John Ralph Kaiser, 71, passed away on Saturday, Aug. 3, 2019, in Lakeview.  

He entered the world on the 4th of July 1948 to Patience Hope and Henry Ralph Kaiser. He was born the youngest, preceding him were his sister, Gloria and brother, Nick, both of whom were very dear to him. They were joined during their teen years by his sisters, Katy and Annie, both sources of great delight and pride to him as well as life-long friends. John is remembered by his siblings as a rambunctious and happy child, who loved to laugh and spend his free time in those early years in his mother’s store in Corvallis. An old-fashioned town where John said a dime bought him a coke, popcorn and the movie ticket and it still left him enough to get an ice cream afterward. 

In John’s teen years he was involved passionately with the Boy Scouts of America where his love for the outdoors and the natural world was nurtured. He attained Eagle Scout, the highest rank given in the BSA. He was also honored with becoming a Vigil member in the Order of the Arrow, again the highest achievement. He did not stop or rest on his laurels, he took what he learned and had gone through, including losing his mother at age 12, and went forth to better the world. He took the oath of Boy Scouts and helped others always. 

John was a patriot in every sense of the word. At age 17 he joined the United States Navy as a hospital corpsman. He worked in New York City at the military hospital taking care of vets returning injured from the war in Vietnam. They always liked him, he always said, because he took them around town and looked after them including pushing them in their wheelchairs around the city to all the various places an injured war vet would want to go. 

After the Navy he went to college at Oregon College of Education and met his wife, Cheri Jefferson. They got married and had a son named Michiah. Three years later they were living in Corvallis where their next son Dakota was born. As he worked in the valley hauling corn and hay, he finished his degree in Archaeology at Oregon State.

He bought a house with his wife, Cheri in New Idaho where his devotion of service extended into his choice of career with the USFS as the Fremont Winema Forest archaeologist. He enjoyed his long career and his coworkers during that time immensely. A decade younger than his older brothers, John had his youngest son, Isaac.  His kids grew up, his oldest becoming a teacher and his two others going off to the military and college.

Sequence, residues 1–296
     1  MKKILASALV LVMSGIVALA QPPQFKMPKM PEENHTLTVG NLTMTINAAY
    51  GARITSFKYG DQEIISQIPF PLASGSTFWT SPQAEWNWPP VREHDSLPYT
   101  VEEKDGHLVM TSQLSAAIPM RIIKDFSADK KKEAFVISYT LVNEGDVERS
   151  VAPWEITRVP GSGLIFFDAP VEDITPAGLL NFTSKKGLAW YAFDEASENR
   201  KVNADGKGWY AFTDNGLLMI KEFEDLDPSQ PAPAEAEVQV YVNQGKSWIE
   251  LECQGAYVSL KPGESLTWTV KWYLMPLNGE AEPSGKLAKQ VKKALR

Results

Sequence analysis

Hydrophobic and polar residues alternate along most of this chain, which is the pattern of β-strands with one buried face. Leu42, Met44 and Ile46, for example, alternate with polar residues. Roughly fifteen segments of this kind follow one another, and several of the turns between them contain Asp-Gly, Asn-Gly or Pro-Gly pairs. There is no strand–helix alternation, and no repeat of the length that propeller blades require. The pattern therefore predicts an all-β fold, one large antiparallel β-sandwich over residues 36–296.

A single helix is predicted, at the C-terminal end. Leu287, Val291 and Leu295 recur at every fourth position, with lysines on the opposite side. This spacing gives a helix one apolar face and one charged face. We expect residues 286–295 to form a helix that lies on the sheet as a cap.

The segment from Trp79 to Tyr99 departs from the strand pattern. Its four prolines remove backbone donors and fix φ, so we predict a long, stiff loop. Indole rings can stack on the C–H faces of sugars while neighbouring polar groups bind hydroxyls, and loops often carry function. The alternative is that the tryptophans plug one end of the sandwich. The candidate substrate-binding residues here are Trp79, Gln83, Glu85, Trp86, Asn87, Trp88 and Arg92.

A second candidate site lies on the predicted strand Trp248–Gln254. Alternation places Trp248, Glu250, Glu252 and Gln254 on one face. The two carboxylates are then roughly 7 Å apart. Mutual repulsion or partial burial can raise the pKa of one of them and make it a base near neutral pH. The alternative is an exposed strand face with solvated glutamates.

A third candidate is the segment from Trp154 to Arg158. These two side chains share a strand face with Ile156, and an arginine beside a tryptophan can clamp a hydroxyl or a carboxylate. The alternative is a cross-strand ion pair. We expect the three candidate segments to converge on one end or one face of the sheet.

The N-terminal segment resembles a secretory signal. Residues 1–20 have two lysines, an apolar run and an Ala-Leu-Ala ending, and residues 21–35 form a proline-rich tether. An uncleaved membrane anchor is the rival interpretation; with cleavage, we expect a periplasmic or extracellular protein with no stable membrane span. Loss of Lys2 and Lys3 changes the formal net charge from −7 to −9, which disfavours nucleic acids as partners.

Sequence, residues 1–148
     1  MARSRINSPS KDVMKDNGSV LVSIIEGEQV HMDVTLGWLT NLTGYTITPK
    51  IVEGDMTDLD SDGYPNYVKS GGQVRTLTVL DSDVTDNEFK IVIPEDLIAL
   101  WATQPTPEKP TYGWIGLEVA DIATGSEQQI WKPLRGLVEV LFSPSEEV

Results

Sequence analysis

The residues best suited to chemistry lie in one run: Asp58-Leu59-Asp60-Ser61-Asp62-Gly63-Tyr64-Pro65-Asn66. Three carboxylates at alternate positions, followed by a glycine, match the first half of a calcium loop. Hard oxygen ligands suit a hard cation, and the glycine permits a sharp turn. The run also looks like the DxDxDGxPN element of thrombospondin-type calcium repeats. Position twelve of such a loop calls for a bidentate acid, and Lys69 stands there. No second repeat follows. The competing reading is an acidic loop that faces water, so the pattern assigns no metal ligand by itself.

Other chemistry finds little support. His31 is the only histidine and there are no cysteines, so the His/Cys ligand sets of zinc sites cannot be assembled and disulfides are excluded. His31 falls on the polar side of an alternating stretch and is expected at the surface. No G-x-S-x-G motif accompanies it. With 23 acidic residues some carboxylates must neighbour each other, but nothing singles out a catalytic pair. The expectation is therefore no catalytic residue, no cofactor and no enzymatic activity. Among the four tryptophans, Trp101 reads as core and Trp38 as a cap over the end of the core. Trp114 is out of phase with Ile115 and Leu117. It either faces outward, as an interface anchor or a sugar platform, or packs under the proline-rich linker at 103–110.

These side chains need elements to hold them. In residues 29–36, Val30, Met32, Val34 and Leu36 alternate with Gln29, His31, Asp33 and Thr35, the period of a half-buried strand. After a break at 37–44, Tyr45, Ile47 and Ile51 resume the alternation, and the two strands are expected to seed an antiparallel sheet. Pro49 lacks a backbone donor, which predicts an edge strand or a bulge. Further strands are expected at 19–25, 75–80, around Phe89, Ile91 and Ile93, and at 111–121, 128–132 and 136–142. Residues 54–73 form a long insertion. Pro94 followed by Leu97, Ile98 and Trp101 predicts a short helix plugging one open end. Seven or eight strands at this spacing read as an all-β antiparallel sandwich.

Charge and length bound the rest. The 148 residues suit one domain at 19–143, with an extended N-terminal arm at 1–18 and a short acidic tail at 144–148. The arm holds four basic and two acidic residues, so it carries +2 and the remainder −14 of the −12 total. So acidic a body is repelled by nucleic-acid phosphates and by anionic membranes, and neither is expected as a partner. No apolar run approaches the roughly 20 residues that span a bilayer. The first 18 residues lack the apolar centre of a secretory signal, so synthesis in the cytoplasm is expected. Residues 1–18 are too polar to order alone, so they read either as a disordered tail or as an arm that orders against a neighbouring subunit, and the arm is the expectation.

John kept busy, continuing chasing his dreams and in areas of service which included volunteering as a Scout Master, a little league coach, a mentor, and EMT. He managed the Passport in Time Program, fought wild fires. He travelled all over the world to Israel, Egypt, and Europe. He took a small boat to Peru, went to Ecuador, Machu Picchu and as always, his “second home” Big Island, Hawaii where his sister Gloria lived for 50 years. He took his family to the Grand Canyon, and George Washington’s homestead. He loved life and enjoyed the many things it had to offer. He was a wonderful and extraordinary human being and by losing him the world got just a little smaller. Keep John in your prayers and know he is listening with a friendly smile and a glow of love.

John was preceded in death by:  his father, Henry aged 95; his mom, Hope, when he was a young boy;  and sister, Gloria aged 72. 

He is survived by: his wife, Cheri; sons and daughters-in-law, Michiah and Kyra and Isaac and Maria; his son, Dakota; brother, Nick; sisters, Katy and Annie; two grandchildren, Dayton and Elan; and his many dear extended family members and friends.  

A Celebration of Life will be held at a later date.  Memorial contributions may be made to Dornebecker Children’s Hospital, PO Box 4100, Portland, OR 97208-9908 or to a charity of the donor’s choice.

Desert Rose Funeral Chapel has charge of the arrangements.

(1) entry

martha

I am saddened to hear of John's passing. I knew John because he married, Cheri, one of my dearest friends from college year.. I wish Cheri and their family comfort in this time of sorrow.


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